for countercurrent stage process.

Given: y AN 1 0.01

x A0 0

VN 1 30.0kgmol / h

L0 90.0kgmol / hr

Amount of entering acetone= y AN 1VN 1 0.01(30.0) 0.30kgmol / hr

Entering Air = (1 y AN 1 )VN 1 (1 0.01)(30.0) 29.7kgmol air / h

Acetone Leaving in V1= 0.10(30) 0.030kgmol / hr

Acetone Leaving in LN= 0.90(0.30) 0.27kgmol / hr

V1=29.7+0.03=29.73 kg mol air + acetone/hr

y A1

0.030

0.00101

29.73

x AN

0.27

0.00300

90.27

L

L

90.0

0

1.20

mV mV1 2.53 29.73

A A1 A2 1.20(1.19) 1.195

LN

90.27

AN

1.19

y

mx0

1 1

0.01 2.53(0)

1

1

ln N 1

1 ln

1

A A

y1 mx0

0.00101 2.53(0) 1.195 1.195

N

5.04 stages

ln A

ln 1.195

A1

The solute A is being absorbed from a gas mixture of A and B in a wetted-wall tower with the liquid flowing

as a film downward along the wall. At a certain point in the tower the bulk gas concentration yAG=0.380 mol

fraction and the bulk liquid concentration is xAL=0.100. The tower is operating at 298K and 1.013x105Pa

and the equilibrium data are as follows (x,y data given). The solute A diffuses through stagnant B in the gas

phase and then through a nondiffusing liquid.

Using correlations for dilute solutions in wetted-wall towers, the film mass-transfer coefficients for A in the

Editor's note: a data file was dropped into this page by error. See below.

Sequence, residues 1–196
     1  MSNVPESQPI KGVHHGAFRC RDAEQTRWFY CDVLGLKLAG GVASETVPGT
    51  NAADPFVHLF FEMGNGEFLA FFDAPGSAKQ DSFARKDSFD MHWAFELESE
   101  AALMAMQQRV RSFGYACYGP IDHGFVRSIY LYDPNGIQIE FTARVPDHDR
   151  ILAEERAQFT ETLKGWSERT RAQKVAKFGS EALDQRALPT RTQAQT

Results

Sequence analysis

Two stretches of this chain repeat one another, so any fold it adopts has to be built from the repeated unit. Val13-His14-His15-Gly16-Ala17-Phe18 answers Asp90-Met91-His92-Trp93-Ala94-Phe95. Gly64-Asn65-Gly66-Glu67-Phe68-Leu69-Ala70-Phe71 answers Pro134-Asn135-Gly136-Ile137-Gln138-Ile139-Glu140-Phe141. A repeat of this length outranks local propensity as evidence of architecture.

gas phase is predicted as ky=1.465x10-3kgmolA/sm2molfrac and for the liquid phase as kx=1.967x10-3kgmolA

/sm2molfrac. Calculate the interface concentrations yAi and xAi and the flux NA.

Since system is dilute: (1 y A ) iM 1

(1 x A ) iM 1

Estimate the slope: slope

k x' /(1 x A ) iM

k y' /(1 y A ) iM

1.967 10 3 / 1.0

1.342

1.465 10 3 / 1.0

Plotting this, we get yAi=0.183 and xAi=0.247. Use these new values to re-estimate slope:

(1 y Ai ) (1 y AG )

(1 0.183) (1 0.380)

0.715

ln[(1 y Ai ) /(1 y AG )] ln[(1 0.183) /(1 0.380)]

(1 x AL ) (1 x Ai )

(1 0.100) (1 0.247)

0.825

ln[(1 x AL ) /(1 x Ai )] ln[(1 0.100) /(1 0.247)]

(1 y A ) iM

(1 x A ) iM

slope

k x' /(1 x A ) iM

k y' /(1 y A ) iM

1.967 10 3 / 0.825

1.163

1.465 10 3 / 0.715

Plotting this, we get yAi=0.197 and xAi=0.257. Use these new values to re-estimate slope: